From blog to book to brand, Three Times a Day makes it look easy

Three Times a Day, the new cookbook from Marilou and Alexandre Champagne, makes one very astute assumption about its readers. No matter your dietary preferences or limitations, we all eat three meals a day. (At least, we try to tick the boxes for breakfast, lunch and dinner.) In total, that’s 21 meals a week.

Originally started as a blog, Three Times a Day (Trois Fois Par Jour)
helped Marilou overcome her anorexia and transform her relationship with food. Alexandre took the photos and soon the site became a hit. The blog has since grown into a full-fledged lifestyle brand, including a magazine (French only at this time) and an online home wares shop.

Based on the original blog, the cookbook flits between trend dishes and ingredients like chia seed pudding, fresh juices and almond mylk, while presenting indulgences including chocolate cake, pulled pork, and sloppy joe pizza roles. When reflecting on my own eating habits, my 21 meals matched with the Three Times a Day approach to eating: vegetable focused, room for plant-based alternatives, but not adverse to a piece of bacon.

I tried a simple recipe for lemon white chocolate scones. The ingredients included almond mylk and butter, an easy way to ease into baking that doesn’t always rely on dairy. It’s also refreshing to see recipes that don’t make a fuss about using alternatives— the argument can be made that nut mylks, Medjool dates and kale are here to stay.

I spoke with Alexandre over the phone to discuss the Three Times a Day philosophy, working with your spouse, and an addition to the family.

EAT: Did the goals for the book change from those of the website?

Alexandre: The main goal of everything that is Three Times a Day is to transform the relationship between food and people for the better. It’s all about enjoying life and enjoying the food you cook. My wife had suffered from anorexia for a couple of years and the first step to healing and curing the disease was to learn how to cook and to learn how food effects your body.

EAT: Was it a smooth transition from working online to working in print?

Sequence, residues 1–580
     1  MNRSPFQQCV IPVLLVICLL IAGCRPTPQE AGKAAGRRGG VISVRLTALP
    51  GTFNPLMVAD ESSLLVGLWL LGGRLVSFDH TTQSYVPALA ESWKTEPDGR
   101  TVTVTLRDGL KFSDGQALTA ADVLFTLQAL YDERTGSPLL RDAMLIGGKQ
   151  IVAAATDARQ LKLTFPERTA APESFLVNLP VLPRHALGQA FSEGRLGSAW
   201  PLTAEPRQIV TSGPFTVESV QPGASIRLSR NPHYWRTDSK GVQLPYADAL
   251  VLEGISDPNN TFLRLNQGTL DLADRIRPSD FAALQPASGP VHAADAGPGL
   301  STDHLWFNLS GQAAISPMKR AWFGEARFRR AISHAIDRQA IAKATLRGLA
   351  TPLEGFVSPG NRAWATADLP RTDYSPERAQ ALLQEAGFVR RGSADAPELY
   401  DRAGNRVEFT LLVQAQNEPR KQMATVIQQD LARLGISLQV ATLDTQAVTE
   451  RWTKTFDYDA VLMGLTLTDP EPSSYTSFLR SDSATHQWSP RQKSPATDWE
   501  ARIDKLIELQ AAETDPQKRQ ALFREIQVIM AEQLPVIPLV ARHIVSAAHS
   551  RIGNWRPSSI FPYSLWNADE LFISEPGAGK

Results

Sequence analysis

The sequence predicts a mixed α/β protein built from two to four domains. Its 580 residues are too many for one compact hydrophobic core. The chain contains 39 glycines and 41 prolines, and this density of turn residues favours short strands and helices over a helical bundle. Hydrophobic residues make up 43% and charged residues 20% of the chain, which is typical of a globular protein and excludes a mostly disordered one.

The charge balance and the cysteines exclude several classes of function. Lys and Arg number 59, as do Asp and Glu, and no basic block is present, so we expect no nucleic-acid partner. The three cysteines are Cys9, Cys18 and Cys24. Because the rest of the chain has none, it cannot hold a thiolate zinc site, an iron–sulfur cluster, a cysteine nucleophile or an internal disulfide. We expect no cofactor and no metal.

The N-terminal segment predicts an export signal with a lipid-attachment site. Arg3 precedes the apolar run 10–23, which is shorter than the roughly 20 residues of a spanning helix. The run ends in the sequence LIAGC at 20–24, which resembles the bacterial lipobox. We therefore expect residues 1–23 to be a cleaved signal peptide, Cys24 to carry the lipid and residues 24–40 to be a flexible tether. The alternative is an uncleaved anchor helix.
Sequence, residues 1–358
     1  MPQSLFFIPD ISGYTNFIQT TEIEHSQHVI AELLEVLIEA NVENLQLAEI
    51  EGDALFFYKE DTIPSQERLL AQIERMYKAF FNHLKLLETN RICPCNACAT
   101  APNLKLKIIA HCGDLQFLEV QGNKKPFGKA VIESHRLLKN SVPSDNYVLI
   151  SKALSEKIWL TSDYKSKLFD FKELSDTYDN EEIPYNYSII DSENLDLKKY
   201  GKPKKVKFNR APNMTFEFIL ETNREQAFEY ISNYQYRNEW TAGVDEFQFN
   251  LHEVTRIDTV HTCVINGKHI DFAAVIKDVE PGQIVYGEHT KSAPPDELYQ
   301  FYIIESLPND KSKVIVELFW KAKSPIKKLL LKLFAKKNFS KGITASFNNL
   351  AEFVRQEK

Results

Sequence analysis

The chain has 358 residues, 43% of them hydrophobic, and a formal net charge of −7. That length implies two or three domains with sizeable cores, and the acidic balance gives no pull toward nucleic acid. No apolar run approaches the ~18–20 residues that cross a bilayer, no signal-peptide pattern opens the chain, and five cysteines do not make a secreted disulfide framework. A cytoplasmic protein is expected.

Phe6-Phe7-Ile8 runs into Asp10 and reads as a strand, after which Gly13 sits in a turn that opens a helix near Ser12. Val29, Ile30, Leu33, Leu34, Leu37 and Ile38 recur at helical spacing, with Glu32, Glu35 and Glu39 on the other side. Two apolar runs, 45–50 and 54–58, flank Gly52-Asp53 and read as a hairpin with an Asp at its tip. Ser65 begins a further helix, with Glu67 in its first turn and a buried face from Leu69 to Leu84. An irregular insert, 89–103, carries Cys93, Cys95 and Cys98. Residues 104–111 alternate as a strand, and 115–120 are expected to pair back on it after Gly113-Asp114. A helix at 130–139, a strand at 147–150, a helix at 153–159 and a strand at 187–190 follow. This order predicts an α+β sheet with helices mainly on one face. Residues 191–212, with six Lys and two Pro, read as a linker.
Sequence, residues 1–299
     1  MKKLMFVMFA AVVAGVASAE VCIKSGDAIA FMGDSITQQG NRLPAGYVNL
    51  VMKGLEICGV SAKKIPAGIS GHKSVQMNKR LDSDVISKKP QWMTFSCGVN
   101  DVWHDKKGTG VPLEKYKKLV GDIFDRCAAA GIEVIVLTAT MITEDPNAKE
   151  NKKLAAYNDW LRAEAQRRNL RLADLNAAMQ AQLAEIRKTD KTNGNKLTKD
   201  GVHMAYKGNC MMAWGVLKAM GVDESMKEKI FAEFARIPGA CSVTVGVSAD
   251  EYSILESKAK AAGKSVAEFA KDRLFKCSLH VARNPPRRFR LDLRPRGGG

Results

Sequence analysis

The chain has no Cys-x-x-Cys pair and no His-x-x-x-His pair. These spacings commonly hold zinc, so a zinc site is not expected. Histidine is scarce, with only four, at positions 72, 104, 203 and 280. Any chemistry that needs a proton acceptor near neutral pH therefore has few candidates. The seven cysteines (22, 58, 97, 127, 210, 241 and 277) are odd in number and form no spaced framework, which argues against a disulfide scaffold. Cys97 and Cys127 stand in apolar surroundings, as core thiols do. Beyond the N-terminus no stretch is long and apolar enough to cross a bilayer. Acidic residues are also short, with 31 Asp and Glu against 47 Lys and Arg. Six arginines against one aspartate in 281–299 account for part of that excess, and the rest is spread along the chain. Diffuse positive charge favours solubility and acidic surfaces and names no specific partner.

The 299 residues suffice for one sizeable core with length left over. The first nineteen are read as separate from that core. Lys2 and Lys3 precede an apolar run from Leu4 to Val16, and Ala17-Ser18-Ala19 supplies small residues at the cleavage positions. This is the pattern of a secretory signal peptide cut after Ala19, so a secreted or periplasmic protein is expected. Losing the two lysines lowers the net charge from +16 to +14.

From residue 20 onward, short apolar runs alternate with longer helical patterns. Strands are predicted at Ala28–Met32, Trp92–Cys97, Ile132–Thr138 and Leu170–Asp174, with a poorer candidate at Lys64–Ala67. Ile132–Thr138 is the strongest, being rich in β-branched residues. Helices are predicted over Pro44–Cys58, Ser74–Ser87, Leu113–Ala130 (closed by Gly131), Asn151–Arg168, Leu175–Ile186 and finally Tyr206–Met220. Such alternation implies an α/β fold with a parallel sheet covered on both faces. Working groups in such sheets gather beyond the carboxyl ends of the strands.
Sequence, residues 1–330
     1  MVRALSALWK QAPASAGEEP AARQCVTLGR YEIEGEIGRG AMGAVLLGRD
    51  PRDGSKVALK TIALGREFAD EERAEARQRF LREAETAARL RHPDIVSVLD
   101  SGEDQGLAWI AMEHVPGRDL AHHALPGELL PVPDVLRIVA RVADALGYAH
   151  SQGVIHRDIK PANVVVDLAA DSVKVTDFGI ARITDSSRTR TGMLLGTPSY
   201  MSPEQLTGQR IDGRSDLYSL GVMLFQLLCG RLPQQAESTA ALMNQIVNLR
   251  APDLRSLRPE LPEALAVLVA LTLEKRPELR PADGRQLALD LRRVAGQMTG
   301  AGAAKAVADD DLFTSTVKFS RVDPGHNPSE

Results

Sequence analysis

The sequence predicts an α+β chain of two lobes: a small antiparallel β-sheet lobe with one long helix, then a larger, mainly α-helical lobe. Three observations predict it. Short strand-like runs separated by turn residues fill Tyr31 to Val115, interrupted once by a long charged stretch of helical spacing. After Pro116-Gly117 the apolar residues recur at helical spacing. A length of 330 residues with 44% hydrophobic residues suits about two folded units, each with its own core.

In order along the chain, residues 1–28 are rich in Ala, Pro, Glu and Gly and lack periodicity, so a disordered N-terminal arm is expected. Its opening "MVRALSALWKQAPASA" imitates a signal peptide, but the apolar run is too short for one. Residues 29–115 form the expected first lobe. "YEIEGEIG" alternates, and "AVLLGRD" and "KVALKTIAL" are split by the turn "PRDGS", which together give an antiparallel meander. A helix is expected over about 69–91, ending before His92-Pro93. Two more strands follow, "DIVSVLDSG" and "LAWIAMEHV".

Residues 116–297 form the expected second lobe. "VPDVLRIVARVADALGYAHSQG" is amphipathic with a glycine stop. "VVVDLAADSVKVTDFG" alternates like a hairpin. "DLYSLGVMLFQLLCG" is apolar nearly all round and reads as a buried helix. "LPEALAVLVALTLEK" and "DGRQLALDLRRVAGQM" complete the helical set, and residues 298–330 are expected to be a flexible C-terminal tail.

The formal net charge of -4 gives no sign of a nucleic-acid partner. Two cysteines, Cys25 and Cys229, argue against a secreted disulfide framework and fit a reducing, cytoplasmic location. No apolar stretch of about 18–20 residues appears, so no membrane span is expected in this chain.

Alexandre: As a photographer, I’ve always wanted to publish my work in a book and this was the best way to do it. The market is very loaded with kitchen books and by doing a book we wanted to have a quality product, something that would be easy to relate to, with easy recipes.

EAT: I agree the book is relatable. I noted the there’s a mix of modern dishes that tend to be healthier and more traditional, indulgent recipes

Alexandre: It’s a question of balance. The main goal when you want to stay healthy is to eat in a balanced way. If you never eat sugar and cut it out of your diet, you’re eventually going to overeat the indulgent items.

EAT: I’m curious about the creative process between yourself and Marilou. Do you develop the recipes together?

Alexandre: We do not and I think that’s the better way to go. (Laughs) You wouldn’t want me to have any part in the creation of recipes. My wife loves to cook and she decided to take on that role. She’s a vegetable and salad kind of girl. I like meat a lot, so sometimes I give her ideas, but besides that she does all the creation.

EAT: Beyond the kitchen, how has your relationship influenced your business decisions?

Alexandre: It’s been a very good adventure and continues to be. We have grown a lot from the experience and have learned how we each react under pressure. There have been tough times, where we wouldn’t agree on stupid stuff like the colour of the table to photograph food on.

EAT: That last point sort of answers my next question, but I wanted to ask how important it was to keep the creative vision of the brand alive in the book?

Alexandre: We did everything in the book, from picking the accessories for the pictures, the recipes, to everything in between. The person who did the graphic design, she works for us now. She wrote us when she was still in school in Paris and said if you ever do a book I would like to design it. Later we met her in person and fell in love with her talent.

It is very important to have a strong brand identity. There are all these huge companies that buy each other and become bigger and bigger. In my opinion, when that happens, you lose the human interest. We have two human beings acting like human beings and directing a business.

EAT: I’ve been following Marilou on Instagram and I see you’re expecting a new addition to the family very soon. How do you think a baby will change the way you think about food?

The baby will just add another dimension to what Marilou creates. We’re really ready for it. We’re there in life.


Written By:

Kaitlyn Rosenburg holds a BFA in creative writing with a minor in journalism and publishing from the University of Victoria. Her work has appeared in local publications such as The Martlet, as well as national publications like ...

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